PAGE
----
He also has lead his own quartet with pianist Richie Beirach, drummer Billy Hart, and the lyrically riveting tenor man Rich Perry. (The quartet may be heard on Mraz's Milestone debut Jazz; Beirach and Hart are on the trio date My Foolish Heart, and Perry on Bottom Lines, the 1997 Mraz session featuring favorite works by fellow bassists Jaco Pastorius, Ron Carter, Marcus Miller, Charles Mingus, Buster Williams, and Steve Swallow, plus George himself.)
George always plays the exact right note you want to hear, says Beirach, and he plays the bass as though he invented it. But Mraz does so without drawing attention to himself, and while he is hardly an invisible presence, his sense of what's appropriate is so sure, he can make himself positively translucent. Even when he's doing nothing more than walking four to the bar, his choice of notes is so perfect, it's like he's telling a little story in back of the soloist, enthuses his producer Todd Barkan.
George Mraz has recorded with Oscar Peterson, Tommy Flanagan, Roland Hanna, Hank Jones, Charles Mingus, Thad Jones/Mel Lewis Orchestra, NYJQ, Lionel Hampton, Woody Herman, Toshiko Akioshi, Kenny Drew, Barry Harris, Tete Montoliu, Jimmy Rowles, Larry Willis, Richie Beirach, McCoy Tyner, Adam Makowicz, Jimmy Smith, Stan Getz, Zoot Sims, Pepper Adams, Art Pepper, Warne Marshe, Phil Woods, Grover Washington Jr., Archie Shepp, Dave Leibman, Joe Lovano, Jim Hall, John Abercrombie, Kenny Burrell, Larry Coryell, Dizzy Gillespie, Chet Baker, Art Farmer, Jon Faddis, Jimmy Knepper, Bob Brookmeyer, Jon Hendricks, Carmen McRae, Helen Merrill, Elvin Jones and many others.
His albums as a leader include: Catching Up on ALFA Records and Jazz, My Foolish Heart , “Bottom Lines”, “Duke’s Place” and “Morava”, all on Milestone Records.
Mraz's latest release is Moravian Gems, a collection of jagged rhythms, intriguing harmonies and colorful melodies developing out of the folk tradition of Moravá to merge with the drive, sophistication and inventiveness of jazz. Mraz spent formative portions of his childhood in his father’s native region, known in the west as Moravia. His memories of Moravá’s lush fields, the liveliness and warmth of its people, the songs they sang in their piquant dialect, thrive in Mraz’s performances here. Pianist Emil Viklicky? composed much of the music and arranged all but one of the pieces. The other partners are drummer Laco Tropp, who has long been featured in Viklicky’s trio, and the astonishingly gifted singer Iva Bittová.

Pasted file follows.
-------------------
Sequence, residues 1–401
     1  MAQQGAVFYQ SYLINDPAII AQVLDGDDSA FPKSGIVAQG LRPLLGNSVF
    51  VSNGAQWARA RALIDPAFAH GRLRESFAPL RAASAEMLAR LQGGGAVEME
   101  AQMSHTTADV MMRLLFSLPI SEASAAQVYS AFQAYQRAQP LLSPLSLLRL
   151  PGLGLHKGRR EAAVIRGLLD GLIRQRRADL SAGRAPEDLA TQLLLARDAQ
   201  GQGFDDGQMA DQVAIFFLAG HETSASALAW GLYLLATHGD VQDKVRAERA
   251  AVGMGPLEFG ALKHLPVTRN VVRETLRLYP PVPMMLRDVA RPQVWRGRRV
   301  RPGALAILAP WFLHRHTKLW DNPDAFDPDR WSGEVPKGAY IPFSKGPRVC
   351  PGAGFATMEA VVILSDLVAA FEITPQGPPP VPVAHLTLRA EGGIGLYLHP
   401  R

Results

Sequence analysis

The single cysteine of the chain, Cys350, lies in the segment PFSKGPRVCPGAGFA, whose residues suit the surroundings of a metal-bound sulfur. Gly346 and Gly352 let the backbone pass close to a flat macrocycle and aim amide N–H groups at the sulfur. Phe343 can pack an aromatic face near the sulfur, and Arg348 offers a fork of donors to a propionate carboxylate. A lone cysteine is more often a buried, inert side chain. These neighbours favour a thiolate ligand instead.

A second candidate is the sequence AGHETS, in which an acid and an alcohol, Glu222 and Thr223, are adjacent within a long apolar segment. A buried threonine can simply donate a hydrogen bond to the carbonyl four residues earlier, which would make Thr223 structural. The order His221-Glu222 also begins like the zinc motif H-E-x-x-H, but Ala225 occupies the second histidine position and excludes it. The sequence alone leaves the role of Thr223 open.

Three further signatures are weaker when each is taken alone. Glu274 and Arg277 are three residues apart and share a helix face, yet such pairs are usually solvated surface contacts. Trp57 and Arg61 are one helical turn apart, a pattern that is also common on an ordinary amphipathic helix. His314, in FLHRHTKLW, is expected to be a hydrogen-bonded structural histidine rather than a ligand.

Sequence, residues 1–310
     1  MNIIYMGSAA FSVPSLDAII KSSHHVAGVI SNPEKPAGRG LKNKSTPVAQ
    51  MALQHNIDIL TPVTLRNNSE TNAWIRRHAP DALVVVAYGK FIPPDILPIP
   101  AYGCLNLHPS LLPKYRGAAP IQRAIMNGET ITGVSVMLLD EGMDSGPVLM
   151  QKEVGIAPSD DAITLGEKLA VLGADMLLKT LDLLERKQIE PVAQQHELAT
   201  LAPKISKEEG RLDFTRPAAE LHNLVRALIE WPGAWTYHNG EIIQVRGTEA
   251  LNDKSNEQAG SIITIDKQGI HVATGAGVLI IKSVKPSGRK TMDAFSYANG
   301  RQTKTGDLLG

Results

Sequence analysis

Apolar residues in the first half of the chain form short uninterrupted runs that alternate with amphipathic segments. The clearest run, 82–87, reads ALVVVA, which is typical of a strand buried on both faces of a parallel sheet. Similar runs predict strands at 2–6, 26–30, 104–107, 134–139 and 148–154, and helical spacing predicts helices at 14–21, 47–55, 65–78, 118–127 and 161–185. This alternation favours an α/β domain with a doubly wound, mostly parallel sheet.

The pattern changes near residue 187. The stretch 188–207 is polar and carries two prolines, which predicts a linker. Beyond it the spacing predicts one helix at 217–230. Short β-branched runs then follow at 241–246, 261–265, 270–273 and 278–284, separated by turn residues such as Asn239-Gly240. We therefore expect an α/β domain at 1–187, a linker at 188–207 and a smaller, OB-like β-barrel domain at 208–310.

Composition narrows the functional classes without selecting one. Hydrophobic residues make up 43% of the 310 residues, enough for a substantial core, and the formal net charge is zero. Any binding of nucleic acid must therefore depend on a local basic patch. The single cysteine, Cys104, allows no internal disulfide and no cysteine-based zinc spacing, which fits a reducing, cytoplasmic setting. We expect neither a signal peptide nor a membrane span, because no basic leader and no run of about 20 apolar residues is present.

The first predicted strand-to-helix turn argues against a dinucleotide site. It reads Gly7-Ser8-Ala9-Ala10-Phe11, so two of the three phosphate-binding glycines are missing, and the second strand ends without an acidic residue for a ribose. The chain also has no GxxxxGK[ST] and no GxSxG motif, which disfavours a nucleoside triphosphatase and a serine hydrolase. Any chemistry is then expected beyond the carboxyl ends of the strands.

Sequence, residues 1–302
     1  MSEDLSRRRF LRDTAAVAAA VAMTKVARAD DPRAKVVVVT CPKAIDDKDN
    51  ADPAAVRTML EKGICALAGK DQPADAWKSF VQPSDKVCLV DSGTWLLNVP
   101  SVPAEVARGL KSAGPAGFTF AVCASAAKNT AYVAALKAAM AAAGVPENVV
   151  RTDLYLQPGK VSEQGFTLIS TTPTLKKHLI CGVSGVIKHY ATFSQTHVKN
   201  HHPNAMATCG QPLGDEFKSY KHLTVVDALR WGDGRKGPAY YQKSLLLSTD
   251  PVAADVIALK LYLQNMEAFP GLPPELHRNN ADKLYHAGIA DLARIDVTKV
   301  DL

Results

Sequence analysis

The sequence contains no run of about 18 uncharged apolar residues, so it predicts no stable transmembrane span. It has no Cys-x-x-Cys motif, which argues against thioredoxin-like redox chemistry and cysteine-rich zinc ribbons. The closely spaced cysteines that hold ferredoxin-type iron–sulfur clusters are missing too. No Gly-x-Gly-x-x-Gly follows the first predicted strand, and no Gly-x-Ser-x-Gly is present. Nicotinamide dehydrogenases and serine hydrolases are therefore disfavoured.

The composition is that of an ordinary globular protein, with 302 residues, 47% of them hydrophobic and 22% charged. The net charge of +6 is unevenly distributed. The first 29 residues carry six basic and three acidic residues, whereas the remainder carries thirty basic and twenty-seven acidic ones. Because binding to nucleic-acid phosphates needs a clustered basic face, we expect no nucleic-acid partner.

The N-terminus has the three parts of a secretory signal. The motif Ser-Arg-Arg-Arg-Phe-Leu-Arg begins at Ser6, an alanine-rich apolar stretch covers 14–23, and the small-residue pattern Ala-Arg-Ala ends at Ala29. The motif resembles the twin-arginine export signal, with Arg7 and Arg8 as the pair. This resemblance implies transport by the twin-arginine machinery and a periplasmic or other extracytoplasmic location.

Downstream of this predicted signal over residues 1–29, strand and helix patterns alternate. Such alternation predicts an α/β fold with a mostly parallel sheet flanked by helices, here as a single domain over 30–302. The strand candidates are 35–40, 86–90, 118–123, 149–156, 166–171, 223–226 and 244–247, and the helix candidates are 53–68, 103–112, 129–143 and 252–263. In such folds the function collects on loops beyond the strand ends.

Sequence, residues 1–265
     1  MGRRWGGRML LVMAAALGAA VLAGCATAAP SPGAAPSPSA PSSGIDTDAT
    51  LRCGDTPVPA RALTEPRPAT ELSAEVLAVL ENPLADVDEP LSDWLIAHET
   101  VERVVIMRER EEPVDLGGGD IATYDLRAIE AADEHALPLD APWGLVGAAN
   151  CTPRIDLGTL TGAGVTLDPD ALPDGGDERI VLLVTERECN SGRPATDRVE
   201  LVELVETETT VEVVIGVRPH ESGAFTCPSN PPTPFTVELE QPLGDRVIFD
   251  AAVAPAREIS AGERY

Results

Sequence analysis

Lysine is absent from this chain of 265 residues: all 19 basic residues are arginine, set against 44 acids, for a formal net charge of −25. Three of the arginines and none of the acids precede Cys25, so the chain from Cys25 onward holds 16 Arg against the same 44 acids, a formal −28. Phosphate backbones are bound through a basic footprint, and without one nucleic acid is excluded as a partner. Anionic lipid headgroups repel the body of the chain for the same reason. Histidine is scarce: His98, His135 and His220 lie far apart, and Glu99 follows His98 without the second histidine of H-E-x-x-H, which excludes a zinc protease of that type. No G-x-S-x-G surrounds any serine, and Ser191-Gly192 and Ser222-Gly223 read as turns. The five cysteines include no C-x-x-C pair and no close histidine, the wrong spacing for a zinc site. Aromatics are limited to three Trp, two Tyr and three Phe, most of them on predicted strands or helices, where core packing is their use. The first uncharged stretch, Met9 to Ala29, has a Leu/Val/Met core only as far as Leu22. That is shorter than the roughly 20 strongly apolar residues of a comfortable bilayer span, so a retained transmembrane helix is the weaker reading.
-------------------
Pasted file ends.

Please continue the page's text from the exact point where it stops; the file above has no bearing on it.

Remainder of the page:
Mraz and Viklicky met at a jazz festival in Yugoslavia in 1976, Mraz had moved to New York, become one of the most sought-after bassists in the world and was playing in Stan Getz’s quartet. Viklicky had returned from the Berklee School of Music in Boston and was establishing himself in Czech jazz as a member of Karel Velebny’s SHQ ensemble. Mraz played in Velebny’s band during his student years at the Prague Conservatory. More than two decades after their initial meeting, visiting Prague in 1997, Mraz suggested to Emil that they consider a project melding traditional Moravian music with jazz. This CD is an outgrowth of their collaboration.
The two considered the range of Moravian music, the lyricism and emotion it carries, and its potential to provide settings for improvisation.
Paul Vlcek, the album’s producer, pointed out that the strongly modal character of Moravian songs, especially those from Southern Moravia, has been preserved for centuries owing in part to its geographic isolation but “more so due to its folks’ love of singing and handing their songs down the generations in their original form largely unaffected by fashions and trends. Moravians’ instinctive ear for modal harmonies and the ease with which they inhabit them when playing and singing, makes their music spontaneous, even exotic perhaps, and for non-Moravians, often unpredictable.”
To sing the songs, Emil suggested Iva Bittová, a singer of uncommon vocal purity and flexibility, musicianship that encompasses advanced violin skills, and acting ability that has put her in leading film roles. She was born in the northern Moravian town of Bruntál in 1958. Her mother, Ludmila Bittová, was a teacher and singer. Her father, Koloman Bitto, was a multi-instrumentalist who concentrated on double bass.
“I love this material a lot,” Bittová said, “Before the recording, I spent some time going over the music with Emil and with Laco, who still has smiling eyes. But it was my first meeting with George and the first time I had recorded with a jazz band. I heard from George’s double bass the beat of my father Koloman’s heart. He was a great musician who died in 1984, just 53 years old. I was so deeply touched by George’s playing, I decided not to use headphones or monitors, just feel the vibration of the music in that moment, in that room. Such a strong inspiration for my singing.”
George and Iva Bittova will be performing some of the songs from Moravian Gems, as well as some originals, in a duo format in the near future.